Political thrillers aren’t my thing, neither are clever books set in New York, but this one blew me away.

NON-FICTION

KILLING FOR COMPANY — BRIAN MASTERS

Killing--for--company--dennis--nilsen--brian--masters

The creepiest book I’ve ever read. It might be the creepiest book ever written.

Killing for Company tells the true story of the serial killer, Dennis Neilson, AKA ‘Britain’s Jeffrey Dahmer.’ Brian Masters uses a detailed account of the killer’s entire life and family history to make a monster feel frighteningly familiar.

INDEPENDENT ED — ED BURNS

ed--burns--independent--ed

Indispensable advice from the micro-budget film-maker behind The Brothers McMullen, She’s the One, and Entourage. Comes in handy when you hit that slump in the middle of your passion project.

“Sometimes you’ve got to ignore the money and get back to why you got into this business to begin with. In most cases you got bit after seeing something like Nicholson in Chinatown or Pacino in Dog Day Afternoon. I’ve yet to meet an actor, writer, or director who decided to get into the movie business after hearing how much Schwarzenager got paid to do Kindergarten Cop.”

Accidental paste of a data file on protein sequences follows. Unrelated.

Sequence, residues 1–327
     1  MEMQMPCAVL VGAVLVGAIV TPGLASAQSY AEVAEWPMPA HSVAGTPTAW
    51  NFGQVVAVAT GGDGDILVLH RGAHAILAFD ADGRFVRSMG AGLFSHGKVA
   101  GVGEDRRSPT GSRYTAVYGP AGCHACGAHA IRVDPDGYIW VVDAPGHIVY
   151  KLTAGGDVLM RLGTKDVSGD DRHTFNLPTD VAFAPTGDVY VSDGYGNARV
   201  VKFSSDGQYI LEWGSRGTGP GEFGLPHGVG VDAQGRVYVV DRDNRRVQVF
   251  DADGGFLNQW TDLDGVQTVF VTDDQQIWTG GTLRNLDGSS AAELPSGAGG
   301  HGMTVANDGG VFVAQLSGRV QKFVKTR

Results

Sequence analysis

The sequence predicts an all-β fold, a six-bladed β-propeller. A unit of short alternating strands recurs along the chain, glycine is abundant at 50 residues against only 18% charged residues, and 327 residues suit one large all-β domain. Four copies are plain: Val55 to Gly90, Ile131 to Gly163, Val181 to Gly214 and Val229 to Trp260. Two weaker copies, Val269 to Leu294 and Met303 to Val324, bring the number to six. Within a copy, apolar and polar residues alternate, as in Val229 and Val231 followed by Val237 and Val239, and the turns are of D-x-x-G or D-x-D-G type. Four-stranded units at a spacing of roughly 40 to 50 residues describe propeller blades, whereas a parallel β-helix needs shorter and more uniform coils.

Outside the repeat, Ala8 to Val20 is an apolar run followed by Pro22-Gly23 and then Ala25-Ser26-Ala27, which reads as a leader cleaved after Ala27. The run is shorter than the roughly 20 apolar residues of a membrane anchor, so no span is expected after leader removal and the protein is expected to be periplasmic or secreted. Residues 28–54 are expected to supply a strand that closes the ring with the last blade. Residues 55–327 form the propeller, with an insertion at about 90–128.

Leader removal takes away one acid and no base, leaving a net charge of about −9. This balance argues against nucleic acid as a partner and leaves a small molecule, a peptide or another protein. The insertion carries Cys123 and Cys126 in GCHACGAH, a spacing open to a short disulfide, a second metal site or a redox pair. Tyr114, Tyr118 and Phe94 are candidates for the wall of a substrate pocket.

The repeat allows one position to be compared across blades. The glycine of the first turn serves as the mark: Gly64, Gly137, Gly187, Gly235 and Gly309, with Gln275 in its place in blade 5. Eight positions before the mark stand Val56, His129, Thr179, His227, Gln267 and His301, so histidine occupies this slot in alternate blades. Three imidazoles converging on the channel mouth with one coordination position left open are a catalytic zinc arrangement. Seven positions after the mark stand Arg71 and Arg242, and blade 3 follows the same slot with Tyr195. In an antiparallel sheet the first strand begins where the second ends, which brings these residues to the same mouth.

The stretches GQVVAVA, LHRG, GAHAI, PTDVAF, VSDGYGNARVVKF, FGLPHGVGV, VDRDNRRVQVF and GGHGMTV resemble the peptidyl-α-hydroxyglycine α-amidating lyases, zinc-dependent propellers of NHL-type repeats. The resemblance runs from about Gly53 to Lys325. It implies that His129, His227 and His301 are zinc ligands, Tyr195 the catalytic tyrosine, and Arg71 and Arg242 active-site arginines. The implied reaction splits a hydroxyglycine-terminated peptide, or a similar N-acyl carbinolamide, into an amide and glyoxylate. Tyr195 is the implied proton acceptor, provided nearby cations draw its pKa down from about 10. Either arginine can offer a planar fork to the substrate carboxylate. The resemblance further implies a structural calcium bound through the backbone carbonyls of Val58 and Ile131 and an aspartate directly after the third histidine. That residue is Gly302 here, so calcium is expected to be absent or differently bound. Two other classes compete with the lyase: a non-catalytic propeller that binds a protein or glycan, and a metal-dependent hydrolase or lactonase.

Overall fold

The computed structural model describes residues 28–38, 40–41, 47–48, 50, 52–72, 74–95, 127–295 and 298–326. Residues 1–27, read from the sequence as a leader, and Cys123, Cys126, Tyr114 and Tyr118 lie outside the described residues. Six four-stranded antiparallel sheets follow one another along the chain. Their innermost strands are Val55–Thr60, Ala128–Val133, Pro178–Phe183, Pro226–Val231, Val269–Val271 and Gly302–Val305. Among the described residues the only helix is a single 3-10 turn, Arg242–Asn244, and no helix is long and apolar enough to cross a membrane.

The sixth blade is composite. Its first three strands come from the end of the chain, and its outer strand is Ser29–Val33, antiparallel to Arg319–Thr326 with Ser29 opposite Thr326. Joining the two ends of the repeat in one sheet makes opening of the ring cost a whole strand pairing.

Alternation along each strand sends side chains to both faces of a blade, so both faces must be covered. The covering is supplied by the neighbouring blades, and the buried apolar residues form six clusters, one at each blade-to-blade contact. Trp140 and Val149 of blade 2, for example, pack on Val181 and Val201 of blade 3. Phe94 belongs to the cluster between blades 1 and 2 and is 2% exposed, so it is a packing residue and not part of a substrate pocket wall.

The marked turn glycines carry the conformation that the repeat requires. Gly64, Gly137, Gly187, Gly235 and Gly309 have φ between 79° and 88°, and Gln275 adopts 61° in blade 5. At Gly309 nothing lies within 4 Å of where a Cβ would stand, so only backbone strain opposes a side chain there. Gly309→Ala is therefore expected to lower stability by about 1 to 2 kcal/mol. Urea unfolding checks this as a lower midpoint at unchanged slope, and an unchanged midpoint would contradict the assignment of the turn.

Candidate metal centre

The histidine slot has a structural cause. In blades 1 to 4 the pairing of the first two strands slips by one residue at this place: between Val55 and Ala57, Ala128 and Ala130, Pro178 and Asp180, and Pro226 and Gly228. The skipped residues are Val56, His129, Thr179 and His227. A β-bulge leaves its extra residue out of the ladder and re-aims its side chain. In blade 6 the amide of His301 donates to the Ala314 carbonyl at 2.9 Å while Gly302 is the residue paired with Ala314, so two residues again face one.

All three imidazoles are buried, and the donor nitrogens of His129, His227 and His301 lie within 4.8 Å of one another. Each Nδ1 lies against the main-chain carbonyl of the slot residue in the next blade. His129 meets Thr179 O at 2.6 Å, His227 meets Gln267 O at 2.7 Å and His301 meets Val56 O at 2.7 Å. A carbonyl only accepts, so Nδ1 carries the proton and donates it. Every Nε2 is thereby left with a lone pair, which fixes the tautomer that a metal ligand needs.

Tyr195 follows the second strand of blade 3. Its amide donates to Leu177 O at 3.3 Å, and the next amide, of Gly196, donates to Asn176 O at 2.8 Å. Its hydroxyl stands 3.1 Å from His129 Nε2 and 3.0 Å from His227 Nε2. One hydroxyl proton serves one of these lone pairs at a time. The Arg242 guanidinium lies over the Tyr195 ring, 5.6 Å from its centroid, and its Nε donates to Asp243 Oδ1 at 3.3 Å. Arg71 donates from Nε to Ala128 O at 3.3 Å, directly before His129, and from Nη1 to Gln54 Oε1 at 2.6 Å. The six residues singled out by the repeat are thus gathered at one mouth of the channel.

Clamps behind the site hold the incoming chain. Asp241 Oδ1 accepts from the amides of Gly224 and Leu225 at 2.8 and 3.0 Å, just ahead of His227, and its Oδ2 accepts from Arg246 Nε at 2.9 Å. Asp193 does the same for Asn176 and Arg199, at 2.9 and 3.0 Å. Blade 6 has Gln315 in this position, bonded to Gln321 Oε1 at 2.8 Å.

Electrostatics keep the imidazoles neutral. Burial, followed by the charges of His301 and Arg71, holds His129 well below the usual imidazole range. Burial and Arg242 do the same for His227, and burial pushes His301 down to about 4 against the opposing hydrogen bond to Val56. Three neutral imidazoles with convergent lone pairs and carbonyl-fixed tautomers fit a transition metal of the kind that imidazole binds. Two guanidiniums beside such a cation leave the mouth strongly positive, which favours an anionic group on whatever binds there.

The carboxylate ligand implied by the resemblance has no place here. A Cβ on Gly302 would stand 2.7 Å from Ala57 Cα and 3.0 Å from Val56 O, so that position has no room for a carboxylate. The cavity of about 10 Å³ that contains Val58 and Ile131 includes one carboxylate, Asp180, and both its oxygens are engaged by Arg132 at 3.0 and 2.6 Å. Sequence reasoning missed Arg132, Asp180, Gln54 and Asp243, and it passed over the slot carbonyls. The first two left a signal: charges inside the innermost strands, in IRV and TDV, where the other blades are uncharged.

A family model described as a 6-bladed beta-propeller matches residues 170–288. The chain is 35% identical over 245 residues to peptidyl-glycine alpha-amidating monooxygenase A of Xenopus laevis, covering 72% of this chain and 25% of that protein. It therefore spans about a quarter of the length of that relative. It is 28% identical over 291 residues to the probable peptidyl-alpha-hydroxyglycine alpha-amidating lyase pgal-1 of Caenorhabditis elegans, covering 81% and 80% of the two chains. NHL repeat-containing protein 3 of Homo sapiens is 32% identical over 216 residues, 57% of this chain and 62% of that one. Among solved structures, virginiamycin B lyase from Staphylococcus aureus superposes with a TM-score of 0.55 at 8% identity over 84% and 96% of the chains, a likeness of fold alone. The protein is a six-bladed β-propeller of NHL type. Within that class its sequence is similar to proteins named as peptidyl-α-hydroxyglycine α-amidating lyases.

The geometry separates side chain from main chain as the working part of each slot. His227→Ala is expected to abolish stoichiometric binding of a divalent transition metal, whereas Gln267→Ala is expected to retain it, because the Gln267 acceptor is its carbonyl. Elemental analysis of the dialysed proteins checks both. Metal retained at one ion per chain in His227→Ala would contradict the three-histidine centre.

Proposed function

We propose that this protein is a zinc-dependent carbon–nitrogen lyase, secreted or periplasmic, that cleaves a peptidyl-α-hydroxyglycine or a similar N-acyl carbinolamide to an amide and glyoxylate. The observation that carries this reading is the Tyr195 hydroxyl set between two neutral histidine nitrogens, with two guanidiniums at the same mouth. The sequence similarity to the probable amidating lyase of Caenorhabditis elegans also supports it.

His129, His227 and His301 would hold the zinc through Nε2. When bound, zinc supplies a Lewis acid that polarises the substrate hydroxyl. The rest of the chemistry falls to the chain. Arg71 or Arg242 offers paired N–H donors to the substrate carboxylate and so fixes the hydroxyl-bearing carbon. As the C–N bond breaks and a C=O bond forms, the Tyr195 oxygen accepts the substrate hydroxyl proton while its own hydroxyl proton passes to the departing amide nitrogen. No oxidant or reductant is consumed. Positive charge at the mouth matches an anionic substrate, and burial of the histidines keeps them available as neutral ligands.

VAGABONDING — ROLF POTTS

Vagabonding--Rolf--Pots

A textbook for extended world travel. If you’re one to say ‘I’ve always wanted to go/do/see ______, Vagabonding might contain the motivation you need to finally take the leap. If you’re already living your adventures, Vagabonding is a refresher on travel basics and a reminder of why you do it.

Justin Alexander, the most interesting man on Instagram, is a big fan.

21 YAKS AND A SPEEDO — LEWIS PUGH

Lewis--Pugh--21--yaks--and--a--speedo

Pure enjoyment when I needed a break from dark, dense, and gruesome titles. 21 Yaks and a Speedo is a collection of life lessons from extreme swimmer and environmental champion Lewis Pugh. The ‘yaks’ are these highly digestible stories that take about five to ten minutes to read. The ‘yaks’ depict the training of a hero and offer inspiration to, as Pugh is so fond of saying, ‘achieve the impossible.’

Achieving the impossible in his case means swimming on Mt. Everest  and at the North Pole in nothing but a speedo.  His TED Talks on those swims are extraordinary.

* * *

What were your good reads in 2015?